In 2012, the prevalence of HIV and AIDS in the country had dropped to just 0.8%. This was not only lower than other African countries like South Africa - where the rate is 18% - but even Washington DC, where 3% of citizens suffer from the debilitating virus. Life expectancy in Eritrea is also higher than in Ethiopia, while the mortality rate for children has nearly halved since 2000.
President Afewerki has described his ultimate aim as the creation of “a rich Eritrea without rich Eritreans” but his utopian vision faces serious obstacles. Five years of drought have devastated the country's agriculture while state industries have been squeezed hard by international sanctions.
According to Thomas C Mountain, the reason most Eritreans leave the country is for work. With the economy squeezed by UN sanctions, employment opportunities are desperately limited so Eritrean migrants claim persecution to gain asylum status abroad. “If they say they came for work or school, [they would be] denied entry,” Mr. Mountain told the World Weekly. “So, of course, everyone says they are persecuted by the government.” A recent Danish government report supports this view, imposing much tougher criteria on Eritrean asylum seekers having concluded that international reports of up to 10,000 political prisoners in Eritrea are "difficult to harmonize with the reality on the ground".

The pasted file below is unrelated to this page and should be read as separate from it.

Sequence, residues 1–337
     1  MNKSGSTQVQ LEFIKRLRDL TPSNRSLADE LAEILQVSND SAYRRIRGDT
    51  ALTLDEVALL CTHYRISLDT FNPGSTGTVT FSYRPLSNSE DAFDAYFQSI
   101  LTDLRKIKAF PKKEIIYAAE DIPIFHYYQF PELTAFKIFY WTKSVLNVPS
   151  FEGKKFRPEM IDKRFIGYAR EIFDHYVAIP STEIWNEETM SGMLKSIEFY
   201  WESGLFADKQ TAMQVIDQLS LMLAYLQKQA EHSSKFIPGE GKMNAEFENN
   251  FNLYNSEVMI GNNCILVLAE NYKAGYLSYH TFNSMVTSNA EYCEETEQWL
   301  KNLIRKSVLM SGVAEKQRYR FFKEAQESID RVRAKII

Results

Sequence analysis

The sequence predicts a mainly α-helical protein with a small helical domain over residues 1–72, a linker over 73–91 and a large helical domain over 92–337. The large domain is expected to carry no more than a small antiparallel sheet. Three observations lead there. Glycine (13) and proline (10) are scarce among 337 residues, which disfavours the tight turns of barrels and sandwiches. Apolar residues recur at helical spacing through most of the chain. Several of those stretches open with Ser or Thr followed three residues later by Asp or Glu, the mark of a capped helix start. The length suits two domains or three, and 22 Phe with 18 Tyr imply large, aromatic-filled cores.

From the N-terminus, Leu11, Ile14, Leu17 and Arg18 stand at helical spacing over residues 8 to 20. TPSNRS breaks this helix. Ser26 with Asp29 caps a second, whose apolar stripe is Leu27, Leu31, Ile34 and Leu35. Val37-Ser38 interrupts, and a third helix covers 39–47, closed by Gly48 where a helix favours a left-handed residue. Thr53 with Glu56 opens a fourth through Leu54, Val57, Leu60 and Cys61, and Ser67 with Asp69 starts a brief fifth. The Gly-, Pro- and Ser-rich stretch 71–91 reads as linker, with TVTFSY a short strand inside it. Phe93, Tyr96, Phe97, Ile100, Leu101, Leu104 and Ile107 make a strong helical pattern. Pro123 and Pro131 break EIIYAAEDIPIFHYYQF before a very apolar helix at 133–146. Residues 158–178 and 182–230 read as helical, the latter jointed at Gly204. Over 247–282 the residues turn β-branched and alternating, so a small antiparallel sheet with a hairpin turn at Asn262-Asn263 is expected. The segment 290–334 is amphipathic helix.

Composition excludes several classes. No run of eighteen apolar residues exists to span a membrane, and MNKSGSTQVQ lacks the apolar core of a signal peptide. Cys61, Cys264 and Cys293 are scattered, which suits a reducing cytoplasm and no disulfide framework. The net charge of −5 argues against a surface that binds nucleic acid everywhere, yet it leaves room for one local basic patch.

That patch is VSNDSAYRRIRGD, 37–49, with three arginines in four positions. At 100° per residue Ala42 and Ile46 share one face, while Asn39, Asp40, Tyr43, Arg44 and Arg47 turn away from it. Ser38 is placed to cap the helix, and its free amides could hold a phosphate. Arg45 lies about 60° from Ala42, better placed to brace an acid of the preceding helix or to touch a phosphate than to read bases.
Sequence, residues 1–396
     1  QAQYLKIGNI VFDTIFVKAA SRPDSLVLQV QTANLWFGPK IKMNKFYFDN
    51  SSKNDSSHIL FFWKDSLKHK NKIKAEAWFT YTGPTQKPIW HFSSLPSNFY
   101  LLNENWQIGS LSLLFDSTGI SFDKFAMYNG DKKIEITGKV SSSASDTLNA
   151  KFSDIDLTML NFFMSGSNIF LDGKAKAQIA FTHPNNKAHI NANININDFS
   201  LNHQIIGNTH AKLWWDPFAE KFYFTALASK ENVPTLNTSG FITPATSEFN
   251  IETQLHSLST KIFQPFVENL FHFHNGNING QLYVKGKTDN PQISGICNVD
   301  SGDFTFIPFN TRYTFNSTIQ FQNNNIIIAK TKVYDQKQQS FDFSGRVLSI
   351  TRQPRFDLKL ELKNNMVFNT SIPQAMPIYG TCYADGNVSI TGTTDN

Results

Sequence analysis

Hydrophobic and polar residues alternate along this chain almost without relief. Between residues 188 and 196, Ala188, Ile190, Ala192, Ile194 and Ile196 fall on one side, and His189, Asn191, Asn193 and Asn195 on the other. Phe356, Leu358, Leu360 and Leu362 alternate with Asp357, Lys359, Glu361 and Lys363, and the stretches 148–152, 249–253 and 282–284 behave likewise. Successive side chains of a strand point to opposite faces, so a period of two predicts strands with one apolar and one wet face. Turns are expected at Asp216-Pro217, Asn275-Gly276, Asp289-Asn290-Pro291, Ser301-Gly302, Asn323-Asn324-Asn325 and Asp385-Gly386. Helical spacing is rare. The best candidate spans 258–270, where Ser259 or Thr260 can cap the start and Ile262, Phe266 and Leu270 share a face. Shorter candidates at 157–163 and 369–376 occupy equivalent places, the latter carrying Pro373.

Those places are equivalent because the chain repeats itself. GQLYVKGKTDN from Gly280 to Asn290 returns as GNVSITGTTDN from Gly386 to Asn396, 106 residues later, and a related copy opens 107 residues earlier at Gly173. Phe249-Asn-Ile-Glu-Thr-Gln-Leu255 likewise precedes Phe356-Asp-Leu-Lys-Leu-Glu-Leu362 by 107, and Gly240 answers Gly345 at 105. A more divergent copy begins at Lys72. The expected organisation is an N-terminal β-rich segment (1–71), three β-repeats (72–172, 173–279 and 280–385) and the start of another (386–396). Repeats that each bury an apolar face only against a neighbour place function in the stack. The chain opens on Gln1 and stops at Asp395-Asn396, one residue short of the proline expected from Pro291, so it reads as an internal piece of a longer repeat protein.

Meanwhile the Eritrean government has become increasingly reliant on the earnings of the diaspora through a recovery and reconstruction tax of 2% on their income. In the UK, the Eritrean embassy is currently being investigated by the Metropolitan Police following allegations it refuses consular services to expatriates who don't pay the levy.
In a recent BBC interview Yemane Ghebreab, a friend of and political adviser to the president argued the diaspora tax is an obligation of Eritrean citizenship. When asked if Eritreans who do not make the payments can return, Mr. Ghebreab said, “they can come back, but they cannot ask for their rights here. They need a plot of land to build a house. They cannot do it because they have not done their obligations.”
Nevertheless European governments appear to have diminishing sympathy for Eritrean migrants. In March 2015 the EU proposed a $340 million development package for the country in effort to dissuade economic migration through job creation. As recently as 2013, the UK granted residency to 90% of Eritreans who reached the country and lodged an asylum application. The refusal rate has risen to 23% this year.